Judith Buendgens-Kosten, Goethe University Frankfurt, Germany
Buendgens-Kosten, J. (2020). Review of ‘The secret agent’s language challenges’app. Studies in Self-Access Learning Journal, 11(4), 370–373. https://doi.org/10.37237/110405
Courage, cunning, perseverance – these are three character traits that help you to become a secret agent, or to develop your foreign language skills. The Secret Agent’s Language Challenges App (Language Challenges hereafter) combines (tongue-in-cheek) agent training and language learning in one mobile application.
Language Challenges is a free app, available for Android (https://play.google.com/store/apps/details?id=at.ecml.edl.challenges&pcampaignid=pcampaignidMKT-Other-global-all-co-prtnr-py-PartBadge-Mar2515-1) and iOS (https://apps.apple.com/us/app/id1527271604). It was designed to celebrate the European Day of Languages 2020 on September 26th, but is available beyond this date.
The app provides a gamified (Kapp, 2012) context for language learning and practice. The app is built around a “secret agent” scenario, where learners are “international agent[s]” who “are going to visit new places and foreign lands”. The app prepares these “agents” for taking risks and identifying opportunities for language use outside the classroom.
It is based on the Linguistic Risk-Taking Initiative (https://ccerbal.uottawa.ca/linguistic-risk), which originally used a “Passport” (printed, or downloaded as a PDF) to encourage learners to take and document linguistic risks either in English or in French, with linguistic risk understood as “authentic communicative acts in learners’ second official language (French/English) which may be ‘risky’ due to factors such as making mistakes, being misunderstood, misunderstanding others, being judged, taking on a different identity, and changing previously established language-choice patterns” (Slavkov & Séror, 2019, p. 254). The Language Challenges app adapted this idea for foreign language learning settings, without specifying any specific language to be learned.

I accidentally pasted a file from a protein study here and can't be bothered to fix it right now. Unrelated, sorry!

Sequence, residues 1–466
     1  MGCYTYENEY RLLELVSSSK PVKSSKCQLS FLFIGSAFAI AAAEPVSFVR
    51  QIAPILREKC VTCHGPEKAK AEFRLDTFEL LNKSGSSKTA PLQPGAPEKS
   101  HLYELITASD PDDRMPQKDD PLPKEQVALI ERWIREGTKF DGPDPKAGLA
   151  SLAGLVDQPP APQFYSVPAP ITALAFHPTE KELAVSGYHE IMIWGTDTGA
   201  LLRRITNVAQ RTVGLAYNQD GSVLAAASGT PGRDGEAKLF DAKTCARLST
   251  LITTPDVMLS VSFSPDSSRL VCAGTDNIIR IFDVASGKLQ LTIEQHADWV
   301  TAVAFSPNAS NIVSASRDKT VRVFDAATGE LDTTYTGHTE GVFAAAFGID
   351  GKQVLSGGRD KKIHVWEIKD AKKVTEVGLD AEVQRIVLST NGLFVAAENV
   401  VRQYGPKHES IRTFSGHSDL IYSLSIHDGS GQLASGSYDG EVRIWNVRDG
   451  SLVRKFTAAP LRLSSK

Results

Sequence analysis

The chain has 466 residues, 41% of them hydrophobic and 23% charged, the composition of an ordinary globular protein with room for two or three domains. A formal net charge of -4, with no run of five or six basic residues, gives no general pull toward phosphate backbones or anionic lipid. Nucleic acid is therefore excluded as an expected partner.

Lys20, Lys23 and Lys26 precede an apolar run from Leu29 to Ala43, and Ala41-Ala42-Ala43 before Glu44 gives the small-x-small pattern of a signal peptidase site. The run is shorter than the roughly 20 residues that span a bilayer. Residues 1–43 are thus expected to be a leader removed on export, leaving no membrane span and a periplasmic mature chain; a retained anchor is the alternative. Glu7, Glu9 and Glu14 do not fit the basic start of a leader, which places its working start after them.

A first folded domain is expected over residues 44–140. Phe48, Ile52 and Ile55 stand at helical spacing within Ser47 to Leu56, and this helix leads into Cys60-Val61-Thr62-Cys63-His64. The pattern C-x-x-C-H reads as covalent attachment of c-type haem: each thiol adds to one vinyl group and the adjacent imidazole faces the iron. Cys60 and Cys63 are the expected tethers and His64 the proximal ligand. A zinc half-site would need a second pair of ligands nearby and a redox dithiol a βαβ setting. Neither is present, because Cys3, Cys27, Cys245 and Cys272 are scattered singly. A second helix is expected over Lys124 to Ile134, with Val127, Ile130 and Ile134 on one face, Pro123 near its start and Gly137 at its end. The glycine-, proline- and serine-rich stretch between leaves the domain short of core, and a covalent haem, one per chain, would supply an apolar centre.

The app supports autonomous language learning outside the language classroom. After users have filled out a very basic profile (name, age and location are required), they gain access to a range of challenges. Learners can decide to display all challenges, only challenges related to specific skills or difficulty levels or select a random challenge. Learners self-determine if and when a challenge has been completed.
Learners choose the challenges they want to complete, as well as the languages they want to complete them in. For example, for the challenge “Solve a mystery,” the learners are to read a target language comic book or in “Voice detector,” they need to make a phone or Skype call in a target language of their choice. These tasks are unspecific enough to allow learners to engage with them at a range of levels (e.g., a simplified comic book for language learners as opposed to a celebrated graphic novel) and to tailor the challenge to their own interests (Skype with a teacher, a customer or a friend). Many challenges focus on the skills signing, listening, speaking, reading and writing, combining skill development with other interests, such as pleasure reading, listening to music, or exercising.
In addition to such skills-based challenges, the app also includes a range of challenges with a language awareness focus, i.e. challenges that look at language as an object rather than as a means of communication. For example, in the challenge “Alphabets,” agents write a word in languages which use different alphabets, giving them an opportunity to compare these writing systems. Or, in “Double agents,” learners need to identify five words in their own language that are the same as or borrowed from other languages (i.e., internationalisms, loan words, cognates).
With each mission a learner completes, they earn stars and climb in agent rank (e.g., from “Trainee agent” to “Agent in training” and so on). In total, 51 challenges are offered to learners, with the final 51st one designed as the “Ultimate mission” (creation of a video demonstrating what a person dares to do in their target language(s)). Some challenges require minimal language skill, such as signing two words, or writing one word in different alphabets. Others need intermediate to advanced skills in at least one target language. Learners who complete at least 10 challenges can receive a certificate.
Benefits for Learners